gms | German Medical Science

48th Meeting of the Particle Therapy Co-Operative Group

Particle Therapy Co-Operative Group (PTCOG)

28.09. - 03.10.2009, Heidelberg

Decreasing the PTV margins in IMPT using Monte Carlo with incorporated random setup errors

Meeting Abstract

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  • M. Soukup - Elekta CMS Software, Freiburg
  • M. Alber - Section for Biomedical Physics, Radiooncological Clinic, Tübingen

PTCOG 48. Meeting of the Particle Therapy Co-Operative Group. Heidelberg, 28.09.-03.10.2009. Düsseldorf: German Medical Science GMS Publishing House; 2009. Doc09ptcog190

DOI: 10.3205/09ptcog190, URN: urn:nbn:de:0183-09ptcog1906

Published: September 24, 2009

© 2009 Soukup et al.
This is an Open Access article distributed under the terms of the Creative Commons Attribution License ( You are free: to Share – to copy, distribute and transmit the work, provided the original author and source are credited.



Background: To handle calculation and geometric uncertainties like random setup error, planning margins are added to the Clinical Target Volume (CTV) in common treatment planning. However, the margin concept can lead to an over-irradiation of healthy tissue and unnecessary trade-offs in target coverage. Its suitability for IMPT is limited, especially for geometries with lateral heterogeneities. New concepts handling calculation and geometric uncertainties are thus of great interest.

Material and methods: Maximum calculation accuracy can be achieved with Monte Carlo dose calculation. Moreover, any random setup error probability distribution can be implemented efficiently in Monte Carlo by sampling the isocenter position for each primary proton. As a direct consequence of the incorporation of the random setup error in the optimization, the planning margins can be decreased.

To study the effect of random setup errors, a heterogeneous patient geometry with a tumor in the vicinity of brain stem, chiasm and right optic nerve with one field (gantry 90 degree) treatment plan was used.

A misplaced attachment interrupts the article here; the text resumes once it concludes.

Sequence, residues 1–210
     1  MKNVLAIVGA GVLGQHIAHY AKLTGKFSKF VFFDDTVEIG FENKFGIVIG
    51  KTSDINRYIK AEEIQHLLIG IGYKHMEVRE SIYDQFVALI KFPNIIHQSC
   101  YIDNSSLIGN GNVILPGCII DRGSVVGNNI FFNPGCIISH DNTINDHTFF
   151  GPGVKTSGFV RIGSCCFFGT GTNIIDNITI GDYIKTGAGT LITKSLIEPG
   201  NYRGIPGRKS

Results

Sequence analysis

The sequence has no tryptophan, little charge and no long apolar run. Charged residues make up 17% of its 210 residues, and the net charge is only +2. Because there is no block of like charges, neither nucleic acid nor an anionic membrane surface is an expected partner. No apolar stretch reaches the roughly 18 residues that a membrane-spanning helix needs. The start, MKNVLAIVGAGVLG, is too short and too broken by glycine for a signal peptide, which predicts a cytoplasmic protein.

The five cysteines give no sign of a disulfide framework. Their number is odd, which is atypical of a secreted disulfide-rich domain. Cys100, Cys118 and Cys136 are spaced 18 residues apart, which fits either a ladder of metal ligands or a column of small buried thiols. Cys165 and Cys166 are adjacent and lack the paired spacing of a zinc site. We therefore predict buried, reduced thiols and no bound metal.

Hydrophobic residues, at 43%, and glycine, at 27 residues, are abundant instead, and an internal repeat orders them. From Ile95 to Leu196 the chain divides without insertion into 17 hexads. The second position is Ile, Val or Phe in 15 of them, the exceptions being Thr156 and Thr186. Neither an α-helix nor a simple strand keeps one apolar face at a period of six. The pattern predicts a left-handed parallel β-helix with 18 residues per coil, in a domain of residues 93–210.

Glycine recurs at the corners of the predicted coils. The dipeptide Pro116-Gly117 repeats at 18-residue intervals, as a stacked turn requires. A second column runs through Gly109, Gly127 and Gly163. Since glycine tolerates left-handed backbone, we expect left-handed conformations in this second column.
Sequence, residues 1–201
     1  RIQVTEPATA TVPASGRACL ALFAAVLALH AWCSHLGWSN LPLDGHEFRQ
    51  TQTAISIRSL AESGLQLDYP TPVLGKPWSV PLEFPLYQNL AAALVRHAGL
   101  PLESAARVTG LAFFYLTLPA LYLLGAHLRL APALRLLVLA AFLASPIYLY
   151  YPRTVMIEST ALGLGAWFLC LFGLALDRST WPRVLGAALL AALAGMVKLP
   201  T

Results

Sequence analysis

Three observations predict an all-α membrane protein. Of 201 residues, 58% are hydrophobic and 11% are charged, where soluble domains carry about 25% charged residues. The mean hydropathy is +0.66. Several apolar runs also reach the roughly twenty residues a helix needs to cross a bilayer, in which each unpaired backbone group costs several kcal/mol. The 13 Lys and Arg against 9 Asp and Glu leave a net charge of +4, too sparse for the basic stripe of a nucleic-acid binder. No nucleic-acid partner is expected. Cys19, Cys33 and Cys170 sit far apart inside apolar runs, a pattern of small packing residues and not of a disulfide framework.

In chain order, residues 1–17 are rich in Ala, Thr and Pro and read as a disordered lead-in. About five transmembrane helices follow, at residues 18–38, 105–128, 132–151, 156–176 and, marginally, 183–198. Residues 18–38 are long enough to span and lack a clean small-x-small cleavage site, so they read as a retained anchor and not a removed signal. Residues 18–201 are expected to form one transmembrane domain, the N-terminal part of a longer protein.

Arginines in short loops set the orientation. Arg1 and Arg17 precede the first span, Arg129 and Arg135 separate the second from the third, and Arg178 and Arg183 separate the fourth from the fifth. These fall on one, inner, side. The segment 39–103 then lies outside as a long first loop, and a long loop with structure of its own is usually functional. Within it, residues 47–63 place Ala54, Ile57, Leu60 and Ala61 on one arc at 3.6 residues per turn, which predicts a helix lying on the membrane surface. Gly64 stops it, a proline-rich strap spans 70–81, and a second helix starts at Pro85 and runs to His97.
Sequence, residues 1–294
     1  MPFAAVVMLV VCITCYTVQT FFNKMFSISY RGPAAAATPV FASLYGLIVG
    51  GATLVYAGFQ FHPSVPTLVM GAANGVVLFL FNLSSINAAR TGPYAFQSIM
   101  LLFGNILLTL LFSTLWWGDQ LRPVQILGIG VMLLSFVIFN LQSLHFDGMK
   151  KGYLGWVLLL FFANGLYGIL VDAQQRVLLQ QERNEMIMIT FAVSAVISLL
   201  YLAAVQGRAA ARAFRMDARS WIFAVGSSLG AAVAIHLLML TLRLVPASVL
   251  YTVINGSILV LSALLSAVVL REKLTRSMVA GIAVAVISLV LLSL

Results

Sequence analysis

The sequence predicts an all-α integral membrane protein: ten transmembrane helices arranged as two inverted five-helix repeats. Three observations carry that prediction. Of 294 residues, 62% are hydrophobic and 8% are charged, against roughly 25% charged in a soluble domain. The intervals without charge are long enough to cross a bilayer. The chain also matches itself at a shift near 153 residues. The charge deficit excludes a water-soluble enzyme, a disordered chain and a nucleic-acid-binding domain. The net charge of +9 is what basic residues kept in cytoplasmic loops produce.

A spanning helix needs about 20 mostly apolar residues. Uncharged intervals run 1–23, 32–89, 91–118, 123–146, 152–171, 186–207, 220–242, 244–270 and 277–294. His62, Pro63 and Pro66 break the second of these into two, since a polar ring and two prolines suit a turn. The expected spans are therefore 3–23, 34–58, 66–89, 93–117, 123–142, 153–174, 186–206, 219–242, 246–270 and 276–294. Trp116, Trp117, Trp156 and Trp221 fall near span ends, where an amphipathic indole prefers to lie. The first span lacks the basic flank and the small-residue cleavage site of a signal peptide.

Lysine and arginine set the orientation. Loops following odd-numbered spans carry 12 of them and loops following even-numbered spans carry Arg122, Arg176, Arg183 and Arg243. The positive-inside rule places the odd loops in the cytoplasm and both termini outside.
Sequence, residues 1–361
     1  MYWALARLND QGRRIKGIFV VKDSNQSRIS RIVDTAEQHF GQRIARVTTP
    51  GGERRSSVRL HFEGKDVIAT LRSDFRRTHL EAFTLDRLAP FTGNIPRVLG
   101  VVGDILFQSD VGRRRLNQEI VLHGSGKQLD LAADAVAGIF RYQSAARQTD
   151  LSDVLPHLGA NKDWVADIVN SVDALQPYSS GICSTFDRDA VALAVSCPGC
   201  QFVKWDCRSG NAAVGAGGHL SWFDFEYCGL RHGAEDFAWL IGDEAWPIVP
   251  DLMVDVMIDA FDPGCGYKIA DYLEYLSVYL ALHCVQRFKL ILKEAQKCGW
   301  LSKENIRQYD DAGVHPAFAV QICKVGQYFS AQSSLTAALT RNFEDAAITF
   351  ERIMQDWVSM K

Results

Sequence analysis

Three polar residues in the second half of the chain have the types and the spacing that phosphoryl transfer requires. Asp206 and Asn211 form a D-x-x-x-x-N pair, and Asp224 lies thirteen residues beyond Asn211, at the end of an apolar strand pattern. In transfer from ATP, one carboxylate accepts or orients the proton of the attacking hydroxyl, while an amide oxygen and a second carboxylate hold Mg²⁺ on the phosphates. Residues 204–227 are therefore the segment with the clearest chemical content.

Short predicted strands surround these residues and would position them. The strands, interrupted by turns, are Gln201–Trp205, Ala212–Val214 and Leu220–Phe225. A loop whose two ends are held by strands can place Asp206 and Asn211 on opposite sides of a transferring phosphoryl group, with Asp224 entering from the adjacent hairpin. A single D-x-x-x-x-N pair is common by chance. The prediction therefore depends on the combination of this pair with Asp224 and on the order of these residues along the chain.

Two sets of treatments plans were created – one with the margin concept (CTV extended laterally to the field direction) and one without margins to CTV and with random-setup error included in the dose calculation for the optimization. Both sets were optimized for the same iso-toxicity with the Equivalent Uniform Dose (EUD) prescription for the target of 54 Gy.

The dosimetric effect of the random setup error was simulated by recalculation of the whole treatment plan for different isocenter positions spread around the original isocenter (49 instances). The recalculated dose distributions were weighted according to the random setup error probability distribution and accumulated to simulate the treatment course. Different random setup error distributions were used for the accumulation to evaluate the robustness of the treatment plans to random setup error changes.

The treatment planning system Hyperion with the Monte Carlo code VMCpro was used both for planning and recalculation.

Results: The plan optimized for the random setup errors results in basically the same CTV coverage if compared to the margin-based plan (EUD of 53.6 Gy and 53.8 Gy, respectively).

After performing the random setup error simulation, the dose to CTV deteriorated for the margin-based plan to 51.7 Gy.

Evaluating the sensitivity to a random setup error distribution other than the distribution used for the optimization (3 +/- 1 mm), the EUD to CTV for the random setup error optimized plan and for the margin-based plan ranged between 52.9 – 54.8 Gy and 50.9 – 52.8 Gy, respectively.

Conclusion: Optimizing the random setup errors with Monte Carlo is feasible and allows for IMPT plans with more robust CTV coverage than margin-based treatment planning.